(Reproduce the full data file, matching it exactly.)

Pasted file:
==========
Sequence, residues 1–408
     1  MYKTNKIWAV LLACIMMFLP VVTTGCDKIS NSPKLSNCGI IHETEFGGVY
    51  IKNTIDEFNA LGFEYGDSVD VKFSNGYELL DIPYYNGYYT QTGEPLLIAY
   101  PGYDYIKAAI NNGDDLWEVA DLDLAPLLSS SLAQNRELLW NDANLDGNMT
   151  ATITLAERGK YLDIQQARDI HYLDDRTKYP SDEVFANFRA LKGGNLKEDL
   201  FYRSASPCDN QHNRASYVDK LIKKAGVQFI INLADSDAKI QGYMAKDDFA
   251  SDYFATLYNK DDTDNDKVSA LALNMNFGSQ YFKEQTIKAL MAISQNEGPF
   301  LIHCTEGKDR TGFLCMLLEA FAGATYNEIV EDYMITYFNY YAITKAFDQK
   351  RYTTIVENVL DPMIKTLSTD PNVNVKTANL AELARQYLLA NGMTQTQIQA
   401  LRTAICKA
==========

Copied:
Sequence, residues 1–408
     1  MYKTNKIWAV LLACIMMFLP VVTTGCDKIS NSPKLSNCGI IHETEFGGVY
    51  IKNTIDEFNA LGFEYGDSVD VKFSNGYELL DIPYYNGYYT QTGEPLLIAY
   101  PGYDYIKAAI NNGDDLWEVA DLDLAPLLSS SLAQNRELLW NDANLDGNMT
   151  ATITLAERGK YLDIQQARDI HYLDDRTKYP SDEVFANFRA LKGGNLKEDL
   201  FYRSASPCDN QHNRASYVDK LIKKAGVQFI INLADSDAKI QGYMAKDDFA
   251  SDYFATLYNK DDTDNDKVSA LALNMNFGSQ YFKEQTIKAL MAISQNEGPF
   301  LIHCTEGKDR TGFLCMLLEA FAGATYNEIV EDYMITYFNY YAITKAFDQK
   351  RYTTIVENVL DPMIKTLSTD PNVNVKTANL AELARQYLLA NGMTQTQIQA
   401  LRTAICKA